Evolutionary change has been rapid in the Bromeliaceae. We know that the family as a whole is quite young, younger than the South American continent, yet the number of species in the family exceeds that of all other New World families except the Cactaceae. Within this short time period bromeliads have diverged greatly, both in number of species and morphological characters. However, it is often the case that only some characters evolve while others remain the same. Flowers may change radically to attract a new pollinator, while the rest of the plant remains unchanged, so that plants look alike except when in flower. In another lineage the flowers may remain similar though the vegetative parts become drastically different, so that the plants look very different until they bloom. And, as mentioned before, unrelated plants can evolve to look alike as a response to similar selective pressures. All of these changes in myriad directions can make the sorting out of species and genera very difficult.
Fortunately, plant taxonomists have acquired new tools to help with the sorting, and to help determine how species and genera are related. The study of evolutionary relationships is called systematics, and a favored tool of systematists is phylogenetics. Phylogenetic analyses involve searching for patterns of character changes within lineages, which in turn involves determining which characters are primitive and which are derived (advanced). The result is a “tree” diagram, where related species are found on the same branch and most closely related species are on adjacent twigs (FIGURE 2). These analyses can be performed on morphological data, but are more commonly done with molecular data, i.e. DNA sequences. DNA sequences provide many more characters than morphology and are independent of morphology, thus allowing systematists to test the traditional, morphology-based taxonomic ideas with new molecular data.
The hope, of course, is to find all members of a genus on the same branch, all members of the same subgenus on the same subbranch and so on. When that is not the case we need to reevaluate our traditional concepts of the group. For example, Terry et al. (1997), using sequences from the chloroplast gene ndhF, found some Vriesea species on the Tillandsia branch of the tree (Figure 2). This supported earlier suggestions (Utley 1983, Gardner 1986, Brown & Terry 1992, Grant 1993) that presence or absence of petal appendages, traditionally used to separate those two genera, is not always a “good” taxonomic character, because it places species into groups that do not reflect their true relationships.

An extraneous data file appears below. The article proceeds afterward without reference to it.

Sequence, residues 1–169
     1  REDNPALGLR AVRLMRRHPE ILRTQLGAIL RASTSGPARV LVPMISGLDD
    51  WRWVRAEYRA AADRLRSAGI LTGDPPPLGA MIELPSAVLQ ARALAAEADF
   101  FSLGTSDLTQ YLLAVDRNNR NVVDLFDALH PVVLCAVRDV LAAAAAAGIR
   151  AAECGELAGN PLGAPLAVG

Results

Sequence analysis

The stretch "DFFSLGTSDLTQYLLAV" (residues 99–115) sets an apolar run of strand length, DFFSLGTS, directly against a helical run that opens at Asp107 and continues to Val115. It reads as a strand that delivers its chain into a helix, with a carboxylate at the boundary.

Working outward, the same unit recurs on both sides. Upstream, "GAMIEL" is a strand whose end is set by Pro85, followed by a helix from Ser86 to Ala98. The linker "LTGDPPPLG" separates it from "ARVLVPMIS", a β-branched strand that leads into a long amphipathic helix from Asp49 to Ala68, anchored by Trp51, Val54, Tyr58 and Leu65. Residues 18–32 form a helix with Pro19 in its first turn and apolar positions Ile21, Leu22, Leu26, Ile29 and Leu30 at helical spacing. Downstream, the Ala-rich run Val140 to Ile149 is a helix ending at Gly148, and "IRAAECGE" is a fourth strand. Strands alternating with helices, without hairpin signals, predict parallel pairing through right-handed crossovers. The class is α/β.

Because bromeliads have diversified rapidly and recently, most gene sequences that are used for phylogenic analyses in other plants don’t show enough differences to fully resolve the relationships within groups of closely related bromeliads. Therefore, bromeliad systematists are still searching for genes and gene regions that show enough variation to help answer these questions. And to further complicate matters, we know from previous experience that not all genes tell the same evolutionary story. Because of these problems, and the conservative nature of most systematists, Terry et al. (1997) did not propose to change the names of any Vriesea species to Tillandsia based on their work with the ndhF gene. However, if more analyses based on more genes support their conclusions, name changes may be in order. Although changes may be frustrating to non-systematists, when based on sound and thorough information they improve the value of the taxonomic system. Ideally, taxonomic groups should be natural groups; natural classification systems provide maximum information because evolutionary history is included. And maximum information is what taxonomy is all about, so that we don’t need to describe our favorite plants in detail every time we want to express our admiration of a single beautiful bromeliad!
This project has received partial funding from a National Science Foundation grant (DEB-0129446) to G.K.B.
Brown, G.K. and R.G. Terry. 1992. Petal appendages in Bromeliaceae. American Journal of Botany 79: 1051—1071.
Gardner, C.S. Preliminary classification of Tillandsia based on floral characters. Selbyana 9: 130—146.
Grant, J.S. 1993. True Tillandsias misplaced in Vriesea (Bromeliaceae: Tillandsioideae). Phytologia 75: 170—175.
Mayr, E. 1963. Animal Species and Evolution. Cambridge, MA: Belknap Press.
Smith, L.B. and R.J. Downs. 1974, 1977, 1979. Bromeliaceae. Flora Neotropica Monograph 14, parts 1—3.
Terry, R.G., G.K. Brown and R.G. Olmstead. 1997. Phylogenetic relationships in subfamily Tillandsioideae (Bromeliaceae) using ndhF sequences. Systematic Botany 22: 333—345.
Utley, J. 1983. A revision of the middle American thecophylloid Vrieseas (Bromeliaceae). Tulane Studies in Zoology and Botany 24:1—81.